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“If you use a free range hen that’s eaten good food … I believe you’ll get more and better quality nutrition that way,” she says. “I also think it’s the things you add into a bone broth. On the weekend I put a whole organic chicken into 2.5 litres of water. I added ginger, some gojis, and some cayenne pepper, so I know all of those things have incredible healing properties and anti inflammatory properties.”

Bone broth isn’t the only ‘superfood’ trend to emerge this year – we could be seeing more of these ones too. (Post continues after gallery.)

Although the trend of drinking bone broth by itself is yet to take hold in Australia — with winter on the way that could change — it has made headlines here for a different reason.

Celebrity chef and paleo diet advocate Pete Evans has drawn the ire of health experts around the country with his latest cookbook Bubba Yum Yum, a collection of paleo recipes designed for newborns and young children which has been withdrawn from publication. One of the recipes included was a bone broth, presented as a homemade version of baby formula.

Nicole Senior says this is a dangerous recommendation, born out of a “misguided fear of dairy milk”.

“I don’t think Pete Evans went so far as to say not to give your baby breast milk; I think if that is implied, that is diabolically irresponsible,” Senior says.

“But I think what he’s getting that is that he doesn’t believe human beings need to eat cow’s milk. Infant formula for babies that can’t breastfeed, or aren’t breastfed for whatever reason, I think he was proposing this as an alternative. Which is not recommended. The National Health and Medical Research Council say that for infants under 12 months, if they can’t have breast milk, then commercial infant formula is really the only alternative.”

Celebrity chef and paleo diet advocate Pete Evans has drawn the ire of health experts around the country with his latest cookbook Bubba Yum Yum, a collection of paleo recipes designed for newborns and young children which has been withdrawn from publication.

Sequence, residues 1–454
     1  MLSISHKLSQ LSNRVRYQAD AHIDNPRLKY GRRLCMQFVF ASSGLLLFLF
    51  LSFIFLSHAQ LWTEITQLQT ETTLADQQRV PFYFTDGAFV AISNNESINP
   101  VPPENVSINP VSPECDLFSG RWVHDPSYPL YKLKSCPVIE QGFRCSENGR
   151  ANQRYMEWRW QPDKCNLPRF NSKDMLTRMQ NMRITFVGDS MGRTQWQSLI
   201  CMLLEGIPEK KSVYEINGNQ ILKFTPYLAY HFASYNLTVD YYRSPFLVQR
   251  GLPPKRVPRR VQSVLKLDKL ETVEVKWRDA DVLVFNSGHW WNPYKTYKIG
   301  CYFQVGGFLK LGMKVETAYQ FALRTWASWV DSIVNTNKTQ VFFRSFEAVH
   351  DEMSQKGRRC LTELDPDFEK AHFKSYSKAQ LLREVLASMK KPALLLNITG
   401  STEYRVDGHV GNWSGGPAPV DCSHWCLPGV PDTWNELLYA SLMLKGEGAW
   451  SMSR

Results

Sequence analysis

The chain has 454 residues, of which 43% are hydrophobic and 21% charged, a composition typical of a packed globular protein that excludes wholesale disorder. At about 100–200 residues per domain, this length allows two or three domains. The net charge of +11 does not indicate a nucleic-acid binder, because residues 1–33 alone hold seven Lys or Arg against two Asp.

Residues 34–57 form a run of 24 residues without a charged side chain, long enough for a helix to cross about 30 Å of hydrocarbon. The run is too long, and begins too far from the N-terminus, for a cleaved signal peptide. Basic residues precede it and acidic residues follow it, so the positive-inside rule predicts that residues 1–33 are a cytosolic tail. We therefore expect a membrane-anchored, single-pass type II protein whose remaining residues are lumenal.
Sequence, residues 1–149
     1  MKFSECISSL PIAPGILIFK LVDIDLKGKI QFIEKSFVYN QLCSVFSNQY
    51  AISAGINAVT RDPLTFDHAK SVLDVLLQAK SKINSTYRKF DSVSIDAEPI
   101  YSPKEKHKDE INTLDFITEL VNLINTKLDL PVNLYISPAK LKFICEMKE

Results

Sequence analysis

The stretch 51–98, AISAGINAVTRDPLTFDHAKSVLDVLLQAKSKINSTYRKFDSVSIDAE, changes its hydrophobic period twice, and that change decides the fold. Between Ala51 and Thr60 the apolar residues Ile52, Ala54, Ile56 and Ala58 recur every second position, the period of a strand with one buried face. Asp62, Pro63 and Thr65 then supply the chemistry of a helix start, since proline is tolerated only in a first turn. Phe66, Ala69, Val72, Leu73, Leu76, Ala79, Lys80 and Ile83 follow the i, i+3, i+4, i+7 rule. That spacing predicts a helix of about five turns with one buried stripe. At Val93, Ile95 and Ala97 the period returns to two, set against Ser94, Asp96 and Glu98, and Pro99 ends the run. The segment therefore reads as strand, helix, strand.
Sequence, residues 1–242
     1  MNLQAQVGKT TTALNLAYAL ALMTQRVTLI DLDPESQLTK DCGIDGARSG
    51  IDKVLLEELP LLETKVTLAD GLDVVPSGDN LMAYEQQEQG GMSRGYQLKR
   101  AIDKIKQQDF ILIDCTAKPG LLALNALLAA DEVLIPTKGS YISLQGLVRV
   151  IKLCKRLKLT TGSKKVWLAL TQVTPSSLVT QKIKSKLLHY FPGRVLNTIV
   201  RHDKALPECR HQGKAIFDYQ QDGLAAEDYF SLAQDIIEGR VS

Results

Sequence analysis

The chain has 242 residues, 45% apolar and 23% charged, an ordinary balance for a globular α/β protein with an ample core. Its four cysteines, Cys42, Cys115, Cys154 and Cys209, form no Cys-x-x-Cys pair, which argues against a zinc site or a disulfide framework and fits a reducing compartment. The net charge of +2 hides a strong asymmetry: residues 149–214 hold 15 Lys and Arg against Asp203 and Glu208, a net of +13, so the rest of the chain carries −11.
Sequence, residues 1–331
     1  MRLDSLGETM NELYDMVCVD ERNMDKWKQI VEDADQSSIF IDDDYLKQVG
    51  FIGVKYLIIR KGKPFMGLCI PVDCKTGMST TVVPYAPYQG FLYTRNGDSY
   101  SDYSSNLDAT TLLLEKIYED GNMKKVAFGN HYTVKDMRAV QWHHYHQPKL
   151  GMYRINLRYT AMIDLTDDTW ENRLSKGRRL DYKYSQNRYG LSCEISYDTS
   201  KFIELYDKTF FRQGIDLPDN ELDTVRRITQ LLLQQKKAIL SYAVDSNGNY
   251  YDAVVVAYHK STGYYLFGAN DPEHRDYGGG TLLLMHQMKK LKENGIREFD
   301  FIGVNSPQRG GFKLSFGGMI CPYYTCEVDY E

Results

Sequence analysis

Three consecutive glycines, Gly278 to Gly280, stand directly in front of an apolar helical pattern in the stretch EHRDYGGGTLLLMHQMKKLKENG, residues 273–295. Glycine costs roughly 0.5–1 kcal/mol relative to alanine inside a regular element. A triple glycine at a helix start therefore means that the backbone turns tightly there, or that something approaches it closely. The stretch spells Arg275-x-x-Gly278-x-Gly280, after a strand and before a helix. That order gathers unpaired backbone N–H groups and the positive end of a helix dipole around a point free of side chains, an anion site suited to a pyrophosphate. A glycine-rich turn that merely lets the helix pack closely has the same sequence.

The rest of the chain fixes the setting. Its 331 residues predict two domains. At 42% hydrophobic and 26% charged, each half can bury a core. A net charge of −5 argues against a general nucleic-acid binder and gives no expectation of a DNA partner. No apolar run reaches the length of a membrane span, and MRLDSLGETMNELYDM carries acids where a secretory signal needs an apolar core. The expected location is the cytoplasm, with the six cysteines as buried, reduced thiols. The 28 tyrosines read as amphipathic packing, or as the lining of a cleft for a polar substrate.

As for adults, Senior says adding bone broth to the diet won’t do any harm, but it also won’t provide any significant nutrients that don’t already exist in a balanced diet. Rather, she believes any of the health benefits contained in bone broth can be gained more a efficiently from a “nose to tail” approach to eating.

“What that means is that we should be eating more of the animals that we grow for food; instead of just choosing the popular cuts, if we’re going to kill an animal for food we might as well eat all of it, including the organ meat. I think including more organ meat in the diet is a really good way of boosting nutrition — things like liver, kidneys, they’re very nutritious yet we don’t eat a lot of them,” Senior says.

Keep reading: The truth about feeding paleo to babies.

Zoe Bingley-Pullin, on the other hand, recommends embracing bone broth as a more cost-efficient alternative to store-bought stock. “I think it’s a beautiful, tasty, yummy thing to add to your diet… it’s cost effective and a really good way to make lots of meals.”

If you’re the curious type and you want to try making bone broth from scratch, try this recipe from The Kitchn. If that’s not flavoursome enough, you can make like Shailene Woodley and add some extra ingredients to improve the taste:

Shailene Woodley’s bone broth

1 cup grass feed beef broth
1 tbsp. coconut oil
pinch of salt
1 cup ginger tea
pinch of tumeric
1 tbsp. colostrum

“Blend all in blender and swoon,” she says. Well, that bit’s easy.

Have you tried bone broth?

This post first appeared on The Glow. You can read the original here.